News deserts are ominous to democracy, but how many there are and how fast they’re spreading has been a mystery — until now: Coverage of at least 900 communities across the nation has gone dry since 2004, preliminary new data shows.
The alarming data also confirms the view that less-than-affluent communities, where local economies and civic health may already be stumbling, are likelier to have become news deserts: places where little or no original reporting is done, where people have trouble finding out what’s going in local government and other institutions that affect their lives and citizenship decisions.
When the term news desert first entered the future-of-journalism discourse seven years ago, it seemed to be a relatively sunny metaphor.
But as fake news and partisan attacks have made the media landscape ever more toxic, the sinister side of the metaphor has become clearer: Deserts not only produce nothing nutritious for people, they also attract snakes, scorpions, vultures and cactuses armed with prickles.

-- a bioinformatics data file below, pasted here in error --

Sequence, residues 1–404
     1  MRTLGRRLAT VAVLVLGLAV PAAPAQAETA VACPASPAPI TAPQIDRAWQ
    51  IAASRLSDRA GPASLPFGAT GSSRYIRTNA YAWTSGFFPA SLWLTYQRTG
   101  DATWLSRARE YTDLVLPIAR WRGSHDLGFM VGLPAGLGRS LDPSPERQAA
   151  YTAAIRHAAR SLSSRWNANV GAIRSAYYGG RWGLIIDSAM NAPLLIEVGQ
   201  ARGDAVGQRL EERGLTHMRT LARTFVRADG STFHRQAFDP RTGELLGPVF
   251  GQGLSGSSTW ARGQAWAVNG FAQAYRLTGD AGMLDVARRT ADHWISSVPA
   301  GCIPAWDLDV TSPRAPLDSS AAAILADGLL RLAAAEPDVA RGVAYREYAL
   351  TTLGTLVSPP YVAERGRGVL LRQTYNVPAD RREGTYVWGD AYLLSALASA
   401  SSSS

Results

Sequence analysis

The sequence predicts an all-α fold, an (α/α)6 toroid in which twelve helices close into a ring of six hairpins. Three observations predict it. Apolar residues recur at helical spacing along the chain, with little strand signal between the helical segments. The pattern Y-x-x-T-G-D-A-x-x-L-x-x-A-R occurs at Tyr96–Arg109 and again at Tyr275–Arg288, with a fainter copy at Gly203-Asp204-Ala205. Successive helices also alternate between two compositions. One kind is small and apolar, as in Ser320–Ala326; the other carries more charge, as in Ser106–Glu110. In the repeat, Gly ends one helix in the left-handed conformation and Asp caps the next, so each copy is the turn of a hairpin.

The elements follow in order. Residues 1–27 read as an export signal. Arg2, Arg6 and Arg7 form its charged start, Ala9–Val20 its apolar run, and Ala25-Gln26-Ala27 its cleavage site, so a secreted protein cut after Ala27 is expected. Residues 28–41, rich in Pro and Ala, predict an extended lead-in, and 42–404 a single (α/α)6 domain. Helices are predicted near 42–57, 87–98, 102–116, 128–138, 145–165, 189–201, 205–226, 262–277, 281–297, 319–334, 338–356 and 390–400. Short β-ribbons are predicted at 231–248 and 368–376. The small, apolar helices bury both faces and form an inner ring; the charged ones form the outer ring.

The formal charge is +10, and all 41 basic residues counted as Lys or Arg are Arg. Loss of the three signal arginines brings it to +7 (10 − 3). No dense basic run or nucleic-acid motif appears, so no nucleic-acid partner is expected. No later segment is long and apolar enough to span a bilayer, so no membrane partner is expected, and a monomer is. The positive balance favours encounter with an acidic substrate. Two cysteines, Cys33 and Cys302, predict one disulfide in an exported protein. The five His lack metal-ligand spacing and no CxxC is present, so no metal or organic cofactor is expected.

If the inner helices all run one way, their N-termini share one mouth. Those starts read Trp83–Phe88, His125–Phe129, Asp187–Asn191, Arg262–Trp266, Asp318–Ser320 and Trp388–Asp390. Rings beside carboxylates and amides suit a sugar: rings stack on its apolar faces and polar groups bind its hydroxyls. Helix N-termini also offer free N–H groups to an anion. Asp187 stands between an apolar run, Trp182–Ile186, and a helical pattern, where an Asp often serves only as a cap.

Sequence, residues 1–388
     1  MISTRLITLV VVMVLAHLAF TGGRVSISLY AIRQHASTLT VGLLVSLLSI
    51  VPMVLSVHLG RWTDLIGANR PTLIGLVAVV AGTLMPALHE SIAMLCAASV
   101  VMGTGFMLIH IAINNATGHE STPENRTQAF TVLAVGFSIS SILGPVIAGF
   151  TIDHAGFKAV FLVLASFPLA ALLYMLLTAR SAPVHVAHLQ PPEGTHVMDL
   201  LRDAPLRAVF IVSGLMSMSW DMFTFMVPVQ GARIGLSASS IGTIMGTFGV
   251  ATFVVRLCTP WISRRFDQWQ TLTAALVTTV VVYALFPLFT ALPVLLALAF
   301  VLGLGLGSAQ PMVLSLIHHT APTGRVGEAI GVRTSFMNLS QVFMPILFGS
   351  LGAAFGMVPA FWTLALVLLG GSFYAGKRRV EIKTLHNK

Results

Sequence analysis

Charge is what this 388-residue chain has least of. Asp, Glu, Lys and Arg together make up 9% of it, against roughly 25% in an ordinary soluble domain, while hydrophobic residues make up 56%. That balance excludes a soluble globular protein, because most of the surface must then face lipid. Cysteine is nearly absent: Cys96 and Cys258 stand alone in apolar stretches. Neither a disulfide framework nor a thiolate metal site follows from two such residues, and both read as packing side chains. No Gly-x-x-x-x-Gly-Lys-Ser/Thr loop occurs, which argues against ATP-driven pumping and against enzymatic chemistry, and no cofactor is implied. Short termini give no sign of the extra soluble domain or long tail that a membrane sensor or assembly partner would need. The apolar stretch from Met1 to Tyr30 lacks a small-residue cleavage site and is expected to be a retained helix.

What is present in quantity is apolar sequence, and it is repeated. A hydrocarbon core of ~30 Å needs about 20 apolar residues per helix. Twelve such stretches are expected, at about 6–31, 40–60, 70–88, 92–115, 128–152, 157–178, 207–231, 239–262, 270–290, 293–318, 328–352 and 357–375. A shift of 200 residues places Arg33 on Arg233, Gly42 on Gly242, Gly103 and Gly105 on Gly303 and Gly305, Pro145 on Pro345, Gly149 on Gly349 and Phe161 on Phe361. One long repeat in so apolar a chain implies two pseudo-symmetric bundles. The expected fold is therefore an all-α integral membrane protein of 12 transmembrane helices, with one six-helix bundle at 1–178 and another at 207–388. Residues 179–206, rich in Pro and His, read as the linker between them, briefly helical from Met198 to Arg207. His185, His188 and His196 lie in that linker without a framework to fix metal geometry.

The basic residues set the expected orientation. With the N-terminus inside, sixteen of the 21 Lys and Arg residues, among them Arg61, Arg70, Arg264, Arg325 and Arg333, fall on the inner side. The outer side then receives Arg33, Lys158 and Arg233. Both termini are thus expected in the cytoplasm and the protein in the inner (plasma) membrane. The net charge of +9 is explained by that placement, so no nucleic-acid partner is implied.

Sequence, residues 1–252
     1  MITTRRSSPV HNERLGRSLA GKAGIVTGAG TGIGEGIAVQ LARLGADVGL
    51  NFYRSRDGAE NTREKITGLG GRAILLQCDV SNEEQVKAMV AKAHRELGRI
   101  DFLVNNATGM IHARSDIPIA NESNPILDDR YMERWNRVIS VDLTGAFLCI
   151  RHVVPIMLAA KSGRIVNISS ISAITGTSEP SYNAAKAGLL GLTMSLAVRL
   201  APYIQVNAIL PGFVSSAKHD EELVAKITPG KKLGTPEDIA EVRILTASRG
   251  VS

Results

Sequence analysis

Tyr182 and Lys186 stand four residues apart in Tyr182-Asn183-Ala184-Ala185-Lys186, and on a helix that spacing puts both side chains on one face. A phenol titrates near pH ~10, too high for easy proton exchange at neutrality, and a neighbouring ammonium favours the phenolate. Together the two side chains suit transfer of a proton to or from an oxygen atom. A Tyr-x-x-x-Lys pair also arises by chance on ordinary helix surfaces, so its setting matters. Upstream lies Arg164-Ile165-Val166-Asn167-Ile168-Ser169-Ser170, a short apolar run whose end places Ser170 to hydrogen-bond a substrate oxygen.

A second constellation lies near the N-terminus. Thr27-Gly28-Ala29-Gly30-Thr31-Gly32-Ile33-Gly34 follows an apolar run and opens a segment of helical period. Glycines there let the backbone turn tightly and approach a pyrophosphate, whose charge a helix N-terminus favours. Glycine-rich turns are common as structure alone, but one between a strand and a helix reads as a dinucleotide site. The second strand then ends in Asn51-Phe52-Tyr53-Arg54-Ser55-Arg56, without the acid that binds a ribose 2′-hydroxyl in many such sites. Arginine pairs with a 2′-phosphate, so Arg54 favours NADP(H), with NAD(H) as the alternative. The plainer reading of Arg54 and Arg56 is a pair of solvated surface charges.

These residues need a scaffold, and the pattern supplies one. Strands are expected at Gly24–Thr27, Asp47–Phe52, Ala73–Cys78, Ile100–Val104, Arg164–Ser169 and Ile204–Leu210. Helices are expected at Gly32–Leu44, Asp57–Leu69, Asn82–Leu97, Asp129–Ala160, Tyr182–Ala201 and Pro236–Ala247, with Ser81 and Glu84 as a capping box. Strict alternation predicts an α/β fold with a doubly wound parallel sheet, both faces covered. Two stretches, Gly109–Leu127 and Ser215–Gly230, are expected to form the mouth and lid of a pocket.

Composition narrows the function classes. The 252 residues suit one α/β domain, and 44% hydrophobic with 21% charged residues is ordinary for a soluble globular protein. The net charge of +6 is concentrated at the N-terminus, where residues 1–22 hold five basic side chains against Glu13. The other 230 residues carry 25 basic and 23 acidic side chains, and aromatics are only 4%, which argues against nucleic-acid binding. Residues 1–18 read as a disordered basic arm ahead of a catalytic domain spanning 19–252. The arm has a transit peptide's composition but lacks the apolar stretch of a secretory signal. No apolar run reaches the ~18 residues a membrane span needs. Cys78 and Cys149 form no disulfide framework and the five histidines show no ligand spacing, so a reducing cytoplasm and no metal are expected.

Most fake news is about national politics but now smaller-scale deceptive efforts like the Tennessee Star are taking root in several states; Politico describes the Star as one of several new online publications dressed up as traditional newspapers that in reality are mini-Breitbarts “aimed at influencing local politics by stepping into the coverage void left by the collapsing finances of local newspapers.”
“Democracy itself demands that we find ways to build new and healthy
Read more here: https://www.poynter.org/news/new-data-tracks-how-fast-news-deserts-are-spreading